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For a ASP.NET Core application, I'm using a library which performs calculations using objects that have a similar interface but their constructors use different inputs. The inputs are market prices and volatilities.

public class Base 
{
    public virtual double Method1();
    public virtual double Method2();
}

public class BaseOne : Base 
{
    public override double Method1();
    public override double Method2();
}

public class BaseTwo : Base 
{
    public override double Method1();
    public override double Method2();
}

public class ConcreteOneA : BaseOne
{
    public ConcreteOneA(double F, double V, double r, double K, ...);
    public override double Method1() { // code }
    public override double Method2() { // code }
}
public class ConcreteOneB : BaseOne
{
    public ConcreteOneA(double F, double V, double r, double K, ...);
    public override double Method1() { // code }
    public override double Method2() { // code }
}
public class ConcreteTwoA : BaseTwo
{
    public ConcreteOneA(double F1, double F2, double V, double r, double K, ...);
    public override double Method1() { // code }
    public override double Method2() { // code }
}

To create the ConcreteOne and ConcreteTwo classes, I have to fetch the F, F1, F2, and V inputs from a SQL Server database. I have a EF Core DbContext entity which is injected into a ASP.NET Core controller.

Every time, I want to perform calculations, my code was littered with DbContext queries and filters. Also I wanted to be able to use a single controller action to compute values for Method1 and Method2, since these methods are similar to all the Concrete classes, and it provided for a convenient API interface for the users. So I created a factory class:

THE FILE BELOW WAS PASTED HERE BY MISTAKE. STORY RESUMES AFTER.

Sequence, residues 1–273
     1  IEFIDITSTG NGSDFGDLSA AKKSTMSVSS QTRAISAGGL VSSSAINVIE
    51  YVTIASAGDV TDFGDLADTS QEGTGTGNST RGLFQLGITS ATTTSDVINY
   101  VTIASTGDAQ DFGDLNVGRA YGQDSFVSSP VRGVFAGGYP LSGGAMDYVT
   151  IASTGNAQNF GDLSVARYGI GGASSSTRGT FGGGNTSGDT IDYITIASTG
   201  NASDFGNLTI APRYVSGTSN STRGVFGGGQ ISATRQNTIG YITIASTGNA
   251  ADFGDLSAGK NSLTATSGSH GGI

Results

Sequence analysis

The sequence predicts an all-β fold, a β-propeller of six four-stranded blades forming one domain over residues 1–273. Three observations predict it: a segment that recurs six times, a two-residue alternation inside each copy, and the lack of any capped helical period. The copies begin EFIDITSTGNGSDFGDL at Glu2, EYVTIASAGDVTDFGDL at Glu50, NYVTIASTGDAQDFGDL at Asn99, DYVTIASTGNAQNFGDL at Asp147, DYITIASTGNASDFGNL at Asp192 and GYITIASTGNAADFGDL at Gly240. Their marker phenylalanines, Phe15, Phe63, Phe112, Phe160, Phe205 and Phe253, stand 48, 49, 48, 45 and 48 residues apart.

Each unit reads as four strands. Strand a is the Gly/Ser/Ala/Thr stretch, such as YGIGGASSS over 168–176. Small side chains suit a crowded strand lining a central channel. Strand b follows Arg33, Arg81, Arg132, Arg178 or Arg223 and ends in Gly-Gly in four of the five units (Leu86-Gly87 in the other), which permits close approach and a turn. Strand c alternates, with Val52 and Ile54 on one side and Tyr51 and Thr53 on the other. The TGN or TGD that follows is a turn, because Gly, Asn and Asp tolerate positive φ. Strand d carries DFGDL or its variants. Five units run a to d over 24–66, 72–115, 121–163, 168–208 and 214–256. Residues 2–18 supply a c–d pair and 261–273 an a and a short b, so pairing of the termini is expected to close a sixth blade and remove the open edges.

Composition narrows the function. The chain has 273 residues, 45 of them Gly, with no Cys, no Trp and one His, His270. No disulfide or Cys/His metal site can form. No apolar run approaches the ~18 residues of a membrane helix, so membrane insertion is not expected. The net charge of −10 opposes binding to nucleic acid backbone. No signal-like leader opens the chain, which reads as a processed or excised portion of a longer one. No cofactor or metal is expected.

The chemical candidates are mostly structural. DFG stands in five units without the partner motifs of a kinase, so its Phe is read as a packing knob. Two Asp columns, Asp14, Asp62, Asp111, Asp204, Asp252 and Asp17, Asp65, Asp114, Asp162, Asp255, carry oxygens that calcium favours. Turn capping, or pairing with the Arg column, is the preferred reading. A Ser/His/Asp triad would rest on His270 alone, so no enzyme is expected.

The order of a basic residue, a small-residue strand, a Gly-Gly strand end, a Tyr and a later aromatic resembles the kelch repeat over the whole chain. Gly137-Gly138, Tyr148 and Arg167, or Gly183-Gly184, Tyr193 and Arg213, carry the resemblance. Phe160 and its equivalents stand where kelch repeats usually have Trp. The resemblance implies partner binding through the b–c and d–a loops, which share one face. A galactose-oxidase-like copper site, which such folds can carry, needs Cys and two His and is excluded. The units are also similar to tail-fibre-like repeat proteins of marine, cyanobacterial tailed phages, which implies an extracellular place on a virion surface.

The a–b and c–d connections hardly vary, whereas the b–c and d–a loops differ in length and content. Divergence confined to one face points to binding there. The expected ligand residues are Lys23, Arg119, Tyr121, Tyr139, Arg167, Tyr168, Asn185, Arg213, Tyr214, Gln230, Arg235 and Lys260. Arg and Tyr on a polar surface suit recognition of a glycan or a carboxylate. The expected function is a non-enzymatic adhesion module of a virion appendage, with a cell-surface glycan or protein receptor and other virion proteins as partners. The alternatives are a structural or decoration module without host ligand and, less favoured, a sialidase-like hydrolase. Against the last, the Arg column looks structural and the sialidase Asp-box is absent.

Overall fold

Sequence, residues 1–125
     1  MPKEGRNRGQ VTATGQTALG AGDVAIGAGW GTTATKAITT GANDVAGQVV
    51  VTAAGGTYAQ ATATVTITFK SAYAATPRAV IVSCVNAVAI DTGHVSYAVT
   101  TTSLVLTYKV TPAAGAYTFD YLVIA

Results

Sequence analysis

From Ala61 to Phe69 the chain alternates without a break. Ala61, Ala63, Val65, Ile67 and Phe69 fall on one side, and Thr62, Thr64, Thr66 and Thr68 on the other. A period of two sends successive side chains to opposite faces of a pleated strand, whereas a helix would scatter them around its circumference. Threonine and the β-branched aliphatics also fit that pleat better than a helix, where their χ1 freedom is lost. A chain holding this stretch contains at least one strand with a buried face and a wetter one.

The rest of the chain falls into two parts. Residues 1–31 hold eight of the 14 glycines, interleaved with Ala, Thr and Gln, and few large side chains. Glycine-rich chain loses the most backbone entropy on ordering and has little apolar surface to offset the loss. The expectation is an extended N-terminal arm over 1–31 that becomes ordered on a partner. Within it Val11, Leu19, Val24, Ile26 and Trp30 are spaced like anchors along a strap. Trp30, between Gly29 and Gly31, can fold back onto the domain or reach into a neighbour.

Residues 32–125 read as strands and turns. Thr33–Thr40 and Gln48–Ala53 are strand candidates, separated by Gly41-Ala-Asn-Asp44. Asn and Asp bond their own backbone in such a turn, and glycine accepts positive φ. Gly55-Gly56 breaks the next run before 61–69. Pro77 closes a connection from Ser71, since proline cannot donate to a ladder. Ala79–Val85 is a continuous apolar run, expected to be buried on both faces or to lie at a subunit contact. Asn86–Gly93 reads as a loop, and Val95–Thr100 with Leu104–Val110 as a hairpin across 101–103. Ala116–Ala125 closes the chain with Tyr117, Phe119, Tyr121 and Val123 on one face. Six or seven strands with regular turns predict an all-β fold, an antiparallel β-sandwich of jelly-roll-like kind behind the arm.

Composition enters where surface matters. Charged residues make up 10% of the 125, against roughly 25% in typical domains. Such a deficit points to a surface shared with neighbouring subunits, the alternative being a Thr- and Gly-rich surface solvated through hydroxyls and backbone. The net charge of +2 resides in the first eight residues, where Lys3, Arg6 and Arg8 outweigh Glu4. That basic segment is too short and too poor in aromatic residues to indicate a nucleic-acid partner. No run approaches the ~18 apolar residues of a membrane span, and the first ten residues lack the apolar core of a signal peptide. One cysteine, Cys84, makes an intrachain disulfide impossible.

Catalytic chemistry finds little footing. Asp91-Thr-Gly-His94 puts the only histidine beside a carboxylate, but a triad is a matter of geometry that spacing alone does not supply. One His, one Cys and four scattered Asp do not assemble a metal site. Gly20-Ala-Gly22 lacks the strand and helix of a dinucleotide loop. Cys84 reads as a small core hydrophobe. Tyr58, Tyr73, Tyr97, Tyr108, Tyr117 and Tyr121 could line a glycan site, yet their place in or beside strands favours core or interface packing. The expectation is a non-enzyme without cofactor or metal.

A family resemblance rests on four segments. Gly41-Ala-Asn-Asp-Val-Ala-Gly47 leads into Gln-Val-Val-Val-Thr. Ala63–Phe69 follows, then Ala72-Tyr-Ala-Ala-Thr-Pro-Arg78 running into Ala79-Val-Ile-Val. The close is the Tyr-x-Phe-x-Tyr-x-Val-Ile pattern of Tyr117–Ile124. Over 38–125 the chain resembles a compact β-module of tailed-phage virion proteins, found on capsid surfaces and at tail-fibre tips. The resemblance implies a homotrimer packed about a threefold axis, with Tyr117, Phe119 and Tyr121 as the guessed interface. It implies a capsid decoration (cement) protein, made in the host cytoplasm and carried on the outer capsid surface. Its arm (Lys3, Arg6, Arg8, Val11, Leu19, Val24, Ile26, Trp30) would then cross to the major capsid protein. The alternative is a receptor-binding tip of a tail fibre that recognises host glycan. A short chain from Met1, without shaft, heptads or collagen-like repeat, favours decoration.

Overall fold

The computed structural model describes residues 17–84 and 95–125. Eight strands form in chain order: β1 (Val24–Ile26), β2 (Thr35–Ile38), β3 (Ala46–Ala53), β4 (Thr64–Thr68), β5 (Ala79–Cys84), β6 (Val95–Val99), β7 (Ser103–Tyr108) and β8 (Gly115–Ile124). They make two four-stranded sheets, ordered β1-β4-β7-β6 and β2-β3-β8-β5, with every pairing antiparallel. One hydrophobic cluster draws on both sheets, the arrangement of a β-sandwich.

public class BaseFactory
{
    private MyContext _context;
    public BaseFactory(MyDbContext context)
    {
        _context = context;
    }
    public Base FromCode(MyDbEntity obj)
    {
        // use the context object to fetch F and V, and also F1 and F2 if the obj type is 3 
       //...

        // compute the other inputs for the concrete constructors which can be obtained directly from the MyDbEntity obj
       // ...

        switch (obj.Code)
        {
            case "1":
            case "4":
                return new ConcreteOneA(F, V, ....rest of the parameters computed from obj...
            case "5":
                return new ConcreteOneB(F,V, ....rest of the parameters computed from obj...);
            case "3":
                return new ConcreteTwoA(F1, F2, V, ......rest computed from obj.....);
        }
    }
}

Is this the right approach? The F is the price and V is the volatility which might need to come from a different data source in the future, so I could need to create another factory method for that specific source. But is it a good idea to make the factory dependent on this DbContext? My controller passes the injected DbContext into the factory when the controller is created: